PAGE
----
Diversity structure of phytoplankton communities and primary productivity in a temperate epicontinental sea

TitleDiversity structure of phytoplankton communities and primary productivity in a temperate epicontinental sea
Publication TypeJournal Article
Year of Publication2014
AuthorsNapoléon, C, Fiant, L, Raimbault, V, Riou, P, Claquin, P
JournalMarine Ecology Progress Series
KeywordsEnglish Channel, Phytoplankton diversity, primary production, Productivity

The dynamics of the phytoplankton assemblage, the physical, chemical and biological
parameters, and primary productivity and production were monitored in the central English
Channel along a transect between Ouistreham and Portsmouth from January to December 2010.
The spatial patterns of the phytoplankton assemblage were controlled by the hydrological characteristics
of the water masses, and the annual structure of the phytoplankton assemblage was characteristic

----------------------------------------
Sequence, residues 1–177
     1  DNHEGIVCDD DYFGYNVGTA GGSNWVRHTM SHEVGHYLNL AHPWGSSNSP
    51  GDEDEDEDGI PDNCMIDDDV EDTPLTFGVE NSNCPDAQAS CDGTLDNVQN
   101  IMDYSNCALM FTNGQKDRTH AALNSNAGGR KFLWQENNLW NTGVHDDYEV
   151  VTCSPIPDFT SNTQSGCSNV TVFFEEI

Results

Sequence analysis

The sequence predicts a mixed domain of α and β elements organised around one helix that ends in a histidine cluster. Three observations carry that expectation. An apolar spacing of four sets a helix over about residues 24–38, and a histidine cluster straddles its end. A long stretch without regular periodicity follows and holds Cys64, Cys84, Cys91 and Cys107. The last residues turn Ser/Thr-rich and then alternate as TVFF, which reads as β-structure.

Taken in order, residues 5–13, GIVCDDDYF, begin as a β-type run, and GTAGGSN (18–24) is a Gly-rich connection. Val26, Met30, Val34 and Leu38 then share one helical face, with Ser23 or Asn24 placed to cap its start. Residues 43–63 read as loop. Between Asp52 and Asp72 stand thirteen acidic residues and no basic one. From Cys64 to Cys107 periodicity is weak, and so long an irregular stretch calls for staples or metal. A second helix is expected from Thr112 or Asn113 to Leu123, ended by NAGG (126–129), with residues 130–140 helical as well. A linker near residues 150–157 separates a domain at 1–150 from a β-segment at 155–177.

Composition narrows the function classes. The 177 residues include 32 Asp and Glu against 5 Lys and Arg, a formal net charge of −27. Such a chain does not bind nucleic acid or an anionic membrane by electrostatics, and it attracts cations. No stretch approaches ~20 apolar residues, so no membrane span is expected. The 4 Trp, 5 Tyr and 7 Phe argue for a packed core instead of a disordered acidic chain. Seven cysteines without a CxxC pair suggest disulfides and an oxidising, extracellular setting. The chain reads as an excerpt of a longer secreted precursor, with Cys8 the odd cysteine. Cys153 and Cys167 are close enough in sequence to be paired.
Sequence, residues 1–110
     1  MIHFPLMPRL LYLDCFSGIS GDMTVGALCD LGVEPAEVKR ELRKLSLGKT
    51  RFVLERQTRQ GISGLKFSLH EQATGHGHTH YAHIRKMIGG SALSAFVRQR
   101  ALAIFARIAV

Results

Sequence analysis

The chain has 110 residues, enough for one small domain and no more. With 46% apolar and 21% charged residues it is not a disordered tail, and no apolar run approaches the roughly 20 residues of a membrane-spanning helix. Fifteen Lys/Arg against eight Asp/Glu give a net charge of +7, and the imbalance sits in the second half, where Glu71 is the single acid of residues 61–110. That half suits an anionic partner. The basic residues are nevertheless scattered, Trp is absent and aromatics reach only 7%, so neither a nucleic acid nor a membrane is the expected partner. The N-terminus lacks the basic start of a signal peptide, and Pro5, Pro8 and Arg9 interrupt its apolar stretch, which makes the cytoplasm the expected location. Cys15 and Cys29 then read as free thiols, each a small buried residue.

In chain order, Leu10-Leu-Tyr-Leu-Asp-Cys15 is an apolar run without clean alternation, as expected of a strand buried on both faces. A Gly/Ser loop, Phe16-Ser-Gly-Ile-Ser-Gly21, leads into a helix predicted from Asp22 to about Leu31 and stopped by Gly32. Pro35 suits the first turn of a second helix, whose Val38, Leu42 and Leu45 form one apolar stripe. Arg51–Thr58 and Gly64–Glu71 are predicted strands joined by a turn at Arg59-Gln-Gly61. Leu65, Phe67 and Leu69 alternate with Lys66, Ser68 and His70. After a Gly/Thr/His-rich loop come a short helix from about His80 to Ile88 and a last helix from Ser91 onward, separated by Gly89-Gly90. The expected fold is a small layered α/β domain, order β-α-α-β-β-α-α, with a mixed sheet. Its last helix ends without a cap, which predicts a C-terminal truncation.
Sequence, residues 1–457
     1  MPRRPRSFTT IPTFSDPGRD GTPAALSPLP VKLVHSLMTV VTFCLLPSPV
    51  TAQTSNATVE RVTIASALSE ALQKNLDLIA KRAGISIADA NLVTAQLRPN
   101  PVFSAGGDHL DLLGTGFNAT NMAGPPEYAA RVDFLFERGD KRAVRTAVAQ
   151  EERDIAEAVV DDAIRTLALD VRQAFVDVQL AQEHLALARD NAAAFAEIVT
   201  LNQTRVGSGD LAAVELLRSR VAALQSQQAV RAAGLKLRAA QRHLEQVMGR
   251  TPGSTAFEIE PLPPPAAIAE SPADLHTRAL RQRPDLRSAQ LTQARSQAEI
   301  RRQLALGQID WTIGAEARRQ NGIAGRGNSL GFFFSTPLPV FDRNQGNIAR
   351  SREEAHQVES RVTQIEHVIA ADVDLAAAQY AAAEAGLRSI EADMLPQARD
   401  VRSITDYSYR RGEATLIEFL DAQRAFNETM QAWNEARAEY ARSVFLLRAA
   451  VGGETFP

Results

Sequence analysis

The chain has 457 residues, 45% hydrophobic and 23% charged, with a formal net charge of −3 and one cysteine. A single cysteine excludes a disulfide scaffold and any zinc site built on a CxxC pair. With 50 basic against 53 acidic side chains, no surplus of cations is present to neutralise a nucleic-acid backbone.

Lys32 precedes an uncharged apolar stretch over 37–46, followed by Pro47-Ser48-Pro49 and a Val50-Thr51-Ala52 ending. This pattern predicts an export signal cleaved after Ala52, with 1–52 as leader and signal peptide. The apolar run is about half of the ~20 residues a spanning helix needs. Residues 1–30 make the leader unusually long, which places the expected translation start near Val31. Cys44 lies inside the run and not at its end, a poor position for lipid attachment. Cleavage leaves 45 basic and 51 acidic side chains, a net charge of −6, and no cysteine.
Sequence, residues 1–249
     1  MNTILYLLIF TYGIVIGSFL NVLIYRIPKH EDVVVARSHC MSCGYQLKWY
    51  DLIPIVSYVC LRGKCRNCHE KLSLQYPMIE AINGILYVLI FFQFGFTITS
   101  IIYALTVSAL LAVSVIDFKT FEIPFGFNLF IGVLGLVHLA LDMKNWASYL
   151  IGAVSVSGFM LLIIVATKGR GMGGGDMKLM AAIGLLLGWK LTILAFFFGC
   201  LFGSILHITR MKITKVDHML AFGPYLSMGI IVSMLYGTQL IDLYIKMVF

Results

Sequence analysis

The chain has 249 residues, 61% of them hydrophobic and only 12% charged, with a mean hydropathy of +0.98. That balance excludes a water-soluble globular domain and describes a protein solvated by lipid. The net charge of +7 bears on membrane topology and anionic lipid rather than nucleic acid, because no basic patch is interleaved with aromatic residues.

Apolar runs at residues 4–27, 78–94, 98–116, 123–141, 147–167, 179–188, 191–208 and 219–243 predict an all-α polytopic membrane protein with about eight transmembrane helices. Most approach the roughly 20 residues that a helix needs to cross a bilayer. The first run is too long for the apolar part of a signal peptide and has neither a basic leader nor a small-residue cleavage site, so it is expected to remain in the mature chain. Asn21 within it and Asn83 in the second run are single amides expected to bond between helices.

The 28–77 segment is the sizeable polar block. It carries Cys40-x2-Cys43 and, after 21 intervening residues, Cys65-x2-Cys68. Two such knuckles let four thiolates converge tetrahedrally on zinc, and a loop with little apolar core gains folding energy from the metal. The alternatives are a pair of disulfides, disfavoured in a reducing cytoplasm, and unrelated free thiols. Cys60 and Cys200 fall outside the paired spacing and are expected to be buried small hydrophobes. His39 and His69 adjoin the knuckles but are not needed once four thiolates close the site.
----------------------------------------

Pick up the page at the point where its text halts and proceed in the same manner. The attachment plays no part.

of the central English Channel and was controlled by seasonality. The spring bloom was
dominated by a single species, Chaetoceros socialis, and associated with low microphytoplankton
evenness and Shannon-Wiener indices, whereas the evenness index was high from late spring to
winter and associated with the proliferation of pico- and nanophytoplankton cells. We identified 2
species responsible for harmful algal blooms, Phaeocystis globosa, which dominated the community
in the northern part of the Seine Bay in May, and Lepidodinium chlorophorum, which dominated
the community near the French coast in September. We examined the relationship between
microphytoplankton diversity and maximum primary production and productivity. We found a
negative parabolic relationship between the diversity indices (evenness and Shannon-Wiener)
and maximum primary production, and a positive parabolic relationship between the number of
taxa (richness) and maximum primary production. However, we found no relationship between
maximum productivity and the evenness or richness indices. High levels of productivity were
measured during the increasing abundance of pico and nanophytoplankton cells, highlighting the
importance of taking the dominant functional group into account, rather than the degree of diversity,
when explaining the level of productivity.